The National Fur Company was established by Arron (or Arnold) Barder (1859-1914) in Sloane Street, London. In the early 20th century it moved to 193 Brompton Road, eventually expanding to fill 191-195, a site now occupied by Blom Bank.
Barder’s father – a Jewish immigrant from Krakow – and brothers were also in the fur trade. The National Fur Company claimed, in its advertisements of the late 1920s, to have been established in 1878 ‘by the Grandfather of the present Managing Director’. It also claimed to have been the first company to sell ‘Good Furs at Reasonable Prices’. By the late 1920s it was offering ‘deferred terms’: 12 monthly payments with 5% interest, effectively hire purchase.
By 1932 the National Fur Company had opened branches in Leicester (15 Market Street), Cardiff (20 High Street), Swansea (35 Castle Street), Newport (68 High Street) and Carmarthen (49 King Street). The oldest of these appears to have been Cardiff, which was based at 23 High Street before the Great War. Birmingham had been added by 1950, and an additional branch opened in Exeter before 1970. The premises at 193-195 Brompton Road, previously leased, were bought in 1960 with the intention of rebuilding the company headquarters, bringing manufacturing, retailing and administration under one roof. Despite this, in 1978 the National Fur Company relocated to 241 Brompton Road.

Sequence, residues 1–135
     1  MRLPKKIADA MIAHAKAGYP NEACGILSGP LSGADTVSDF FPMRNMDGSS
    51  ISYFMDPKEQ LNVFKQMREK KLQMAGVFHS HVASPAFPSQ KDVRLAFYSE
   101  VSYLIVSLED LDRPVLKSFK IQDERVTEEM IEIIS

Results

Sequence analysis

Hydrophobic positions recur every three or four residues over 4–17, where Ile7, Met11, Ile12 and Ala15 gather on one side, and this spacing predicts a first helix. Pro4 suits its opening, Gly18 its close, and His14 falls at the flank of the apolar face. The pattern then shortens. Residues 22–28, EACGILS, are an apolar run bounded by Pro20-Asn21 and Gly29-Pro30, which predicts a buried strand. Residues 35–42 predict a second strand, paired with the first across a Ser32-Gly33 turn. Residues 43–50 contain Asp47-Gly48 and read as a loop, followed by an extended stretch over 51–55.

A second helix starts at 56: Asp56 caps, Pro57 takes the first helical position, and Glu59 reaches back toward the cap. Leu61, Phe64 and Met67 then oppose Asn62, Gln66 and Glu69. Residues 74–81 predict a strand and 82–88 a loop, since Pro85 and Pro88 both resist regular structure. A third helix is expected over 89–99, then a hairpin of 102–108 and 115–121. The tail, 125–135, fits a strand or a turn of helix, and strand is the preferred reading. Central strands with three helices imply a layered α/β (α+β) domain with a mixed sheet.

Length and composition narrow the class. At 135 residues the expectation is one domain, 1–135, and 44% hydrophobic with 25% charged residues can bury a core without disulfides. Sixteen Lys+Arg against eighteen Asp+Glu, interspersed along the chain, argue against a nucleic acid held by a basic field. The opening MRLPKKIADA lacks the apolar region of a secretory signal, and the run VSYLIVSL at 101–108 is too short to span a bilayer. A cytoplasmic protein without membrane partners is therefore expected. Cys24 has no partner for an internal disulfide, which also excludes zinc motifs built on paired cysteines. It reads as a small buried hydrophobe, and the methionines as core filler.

The National Fur Company shopfronts in Leicester, Cardiff and Carmarthen survive. All three were carefully designed in the same tasteful house style. Each has a similar pale ashlar surround (perhaps reconstituted Portland or ‘Empire’ stone) topped by a moulded relief frieze of running animals, including skunk, fox, mink, stoat, squirrel, rabbit, beaver and antelope.
Within the stone frame of each shopfront, the display window was positioned to one side of an arch-headed doorway. The door at Carmarthen survives with its original glass panel, etched with a tree and two animals: a prancing goat and a seated fox, perhaps a reference to one of Aesop’s fables. None of the shops retains its original lettering, which was affixed directly to the stonework rather than to a separate fascia board. Nevertheless, a ghost of the lettering may still be discerned.
The fate of the National Fur Company is unclear. It is unlikely to have survived the tremendous backlash against wearing fur which gained momentum in the early 1980s and led, ultimately, to the closure of most British furriers, as well as fur departments in large department stores.